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  • Spar
    by Nikko Lee

    A closeted black belt comes to terms with his bisexuality when he takes an openly gay student as his new sparring partner.

  • Wolf Creek: Gay Werewolf Romance
    Wolf Creek: Gay Werewolf Romance
    by Nikko Lee, Digital Fiction

    Life as a gay omega werewolf is no fairytale.

  • Bon Appetit: Stories & Recipes for Human Consumption
    Bon Appetit: Stories & Recipes for Human Consumption
    by Donald Jacob Uitvlugt, Rev. Thomas Thorn, Nikko Lee, Dax Bordas, Sebastian Bendix, Rick Powell, Misty Tyers, J. N. Cameron
    Contains Bouillon de Bebe 
  • NECRONOMICUM #2 (NECRONOMICUM: The Magazine of Weird Erotica)
    NECRONOMICUM #2 (NECRONOMICUM: The Magazine of Weird Erotica)
    by Gary Budgen, Julian Darius, Richard Greico Jr, Nikko Lee, K. A. Opperman, Alice Renard, Rose Banks, Paul St. John Mackintosh, Michael Seese

    Contains Instabiable by Nikko Lee

  • Zombiefied Reloaded: The Search for More Brains
    Zombiefied Reloaded: The Search for More Brains
    by Carol Hightshoe, Cynthia Ward, Terry M. West, Christie Meierz, Dana Bell, Mary E. Lowd, Patrick J. Hurley, Francis W. Alexander, Liam Hogan

    Brainatarian by Nikko Lee

  • Coming Back
    Coming Back
    by James Arthur Anderson, Brian Barnett, Dave Fragments, Shawna Galvin, Vince Darcangelo, Ken Goldman, Michael Lindquist

    Contains A Mother Knows by Nikko Lee (paperback available at

  • Wolf Warriors: The National Wolfwatcher Coalition Anthology
    Wolf Warriors: The National Wolfwatcher Coalition Anthology
    by Jonathan W. Thurston

    Contains Great Mother Wolf by Michelle Knowlton

  • People Eating People: A Cannibal Anthology
    People Eating People: A Cannibal Anthology
    by Frank Larnerd, Tony Peak, Geoff Gander, Shenoa Caroll-Bradd, Robert Hart, Nikko Lee, Kyle Yadlosky, Edward Martin III

    Contains Bouillon de Bebe by Nikko Lee

  • Valves & Vixens: Steampunk Erotica
    Valves & Vixens: Steampunk Erotica
    by Nicole Gestalt, Crysta Coburn, J.T Seate, Nikko Lee, V.C., Zak Jane Keir, Blair, Regina Kammer, Jim Lee

    Contains Boson's Mate by Nikko Lee

  • The Big Book of Bizarro
    The Big Book of Bizarro
    by Rich Bottles Jr.

    Contains Honey-Do by Nikko Lee

  • Between Love and Lust
    Between Love and Lust
    by Nikko Lee


    Print-on-demand paperback

  • Templar and Other Stories of Suspense and Terror (Vampires 2, Volume 4)
    Templar and Other Stories of Suspense and Terror (Vampires 2, Volume 4)
    by J. Troy Seate, Patricia McCarthy, Nikke Lee, Andrea Saavedra, James Hartley, Edward McKeown, Mike Graves, J.E. Gurley, Zakk Erikson, David Bernstein C.C. Blake

    Contains Pure Delight by Nikko Lee

My confession...

I have always been a slow reader and, worse, a picky reader. It's probably one of the reasons I enjoy writing my own stories so much. I am one of those pickly readers who judges a book by its cover or title or summary. A story has to capture my attention in order for me to devote the time it takes to get truly lost in it and finish reading it. Whether it's the characters, the plot, or even the first sentence, something has to grab me and demand that I read this book.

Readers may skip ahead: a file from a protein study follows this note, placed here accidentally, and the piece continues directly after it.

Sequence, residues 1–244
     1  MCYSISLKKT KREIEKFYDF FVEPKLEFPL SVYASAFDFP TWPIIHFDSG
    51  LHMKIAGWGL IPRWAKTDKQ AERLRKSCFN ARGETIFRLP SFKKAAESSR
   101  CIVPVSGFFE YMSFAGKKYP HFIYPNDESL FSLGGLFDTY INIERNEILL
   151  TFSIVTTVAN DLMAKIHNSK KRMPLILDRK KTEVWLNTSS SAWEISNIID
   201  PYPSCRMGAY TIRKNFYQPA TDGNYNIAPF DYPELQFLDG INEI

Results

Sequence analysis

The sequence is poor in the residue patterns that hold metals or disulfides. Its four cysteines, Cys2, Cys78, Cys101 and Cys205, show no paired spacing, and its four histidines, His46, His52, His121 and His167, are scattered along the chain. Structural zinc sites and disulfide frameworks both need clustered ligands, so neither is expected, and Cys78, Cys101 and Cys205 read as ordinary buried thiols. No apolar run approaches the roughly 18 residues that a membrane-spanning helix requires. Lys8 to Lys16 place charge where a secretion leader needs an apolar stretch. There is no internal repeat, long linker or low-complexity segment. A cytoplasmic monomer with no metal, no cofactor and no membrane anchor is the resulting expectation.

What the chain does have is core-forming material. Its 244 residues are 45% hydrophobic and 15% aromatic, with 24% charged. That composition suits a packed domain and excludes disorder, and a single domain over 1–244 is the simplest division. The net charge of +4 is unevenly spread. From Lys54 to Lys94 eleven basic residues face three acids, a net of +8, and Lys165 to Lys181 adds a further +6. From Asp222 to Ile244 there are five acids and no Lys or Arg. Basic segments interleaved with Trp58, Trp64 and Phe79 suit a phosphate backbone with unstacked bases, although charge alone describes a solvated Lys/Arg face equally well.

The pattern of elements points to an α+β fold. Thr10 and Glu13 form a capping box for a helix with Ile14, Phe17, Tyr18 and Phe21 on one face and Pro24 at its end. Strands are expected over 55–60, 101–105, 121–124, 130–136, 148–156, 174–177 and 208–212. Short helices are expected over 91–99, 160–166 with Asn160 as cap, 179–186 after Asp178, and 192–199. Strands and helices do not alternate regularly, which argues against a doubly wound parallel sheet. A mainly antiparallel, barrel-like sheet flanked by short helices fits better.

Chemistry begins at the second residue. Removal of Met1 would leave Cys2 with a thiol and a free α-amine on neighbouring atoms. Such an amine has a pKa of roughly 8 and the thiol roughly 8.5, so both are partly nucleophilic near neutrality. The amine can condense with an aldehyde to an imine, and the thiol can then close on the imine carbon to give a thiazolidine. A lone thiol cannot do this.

One of the best ways to learn about writing is to read. In other people's works I find techniques and skills I like. I see how they explore characters, background, and plots. I usually learn a lot and see how far I still have to go. However, I don't always like what others do.

In this section I'm going to present reviews of books that I have read in order to put into words what I take away from other people's writing. These reflections are only my opinion.

For more information see my blog post about this section.


A Scone to Die For by H. Y. Hanna


The Pharaoh's Key by Douglas Preston and Lincoln Child

Why I read this book:

After meeting Douglas Preston and reading one of his non-fiction books, I decided to use one of my first Audible credits on The Pharaoh's Key by Douglas Preston and Lincoln Child. In hindsight, this last novel in a series was probably the wrong place to jump into the lives of the main characters.

My one sentence summary:

Triple crosses, narrow escapes, and a hidden civilizations stand between Gideon Crew and Manual Garza's last treasure hunt.


The action in Pharaoh's Key is testosterone driven and would give Indian Jones a run for his money. I loved the intrigue and quasi travel blog. Crew and Garza make a wonderful odd couple team and their former boss, Eli Glinn, makes a fantastic dark shadows boogie man.


I had a hard time determining which character was speaking or narrating at times. Female characters are few and farm between although the ones that are present end up being more than damsels in distress. The three-quarter's turning point took a fast-pace adventure and turned it toward the mystical, something that I hadn't expected or wanted.

Final verdict:

I was a little disappointed by this novel because it wasn't what I was expecting. However, looking at the other books in the series, I should have known that the authors liked to add in the mystical. The ending wraps up the fates of the two characters, Crews and Garza, in a neat little bow. A little too neat for me. This novel may be more for fans than first time readers.